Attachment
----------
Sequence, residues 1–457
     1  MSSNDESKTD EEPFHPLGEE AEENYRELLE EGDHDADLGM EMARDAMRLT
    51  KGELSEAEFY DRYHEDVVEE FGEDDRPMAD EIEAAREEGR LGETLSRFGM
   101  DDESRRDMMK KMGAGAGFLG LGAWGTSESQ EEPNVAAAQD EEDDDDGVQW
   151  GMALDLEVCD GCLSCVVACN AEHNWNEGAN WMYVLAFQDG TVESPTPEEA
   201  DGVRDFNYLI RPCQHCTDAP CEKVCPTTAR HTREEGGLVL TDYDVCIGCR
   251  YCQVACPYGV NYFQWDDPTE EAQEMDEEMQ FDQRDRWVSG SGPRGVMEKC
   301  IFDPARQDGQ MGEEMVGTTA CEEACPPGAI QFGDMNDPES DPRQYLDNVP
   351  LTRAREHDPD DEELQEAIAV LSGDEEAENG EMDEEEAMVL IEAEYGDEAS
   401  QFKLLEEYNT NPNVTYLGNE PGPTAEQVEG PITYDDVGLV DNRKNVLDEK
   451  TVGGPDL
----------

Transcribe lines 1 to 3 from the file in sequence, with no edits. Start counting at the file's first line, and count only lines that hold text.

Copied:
Sequence, residues 1–457
     1  MSSNDESKTD EEPFHPLGEE AEENYRELLE EGDHDADLGM EMARDAMRLT
    51  KGELSEAEFY DRYHEDVVEE FGEDDRPMAD EIEAAREEGR LGETLSRFGM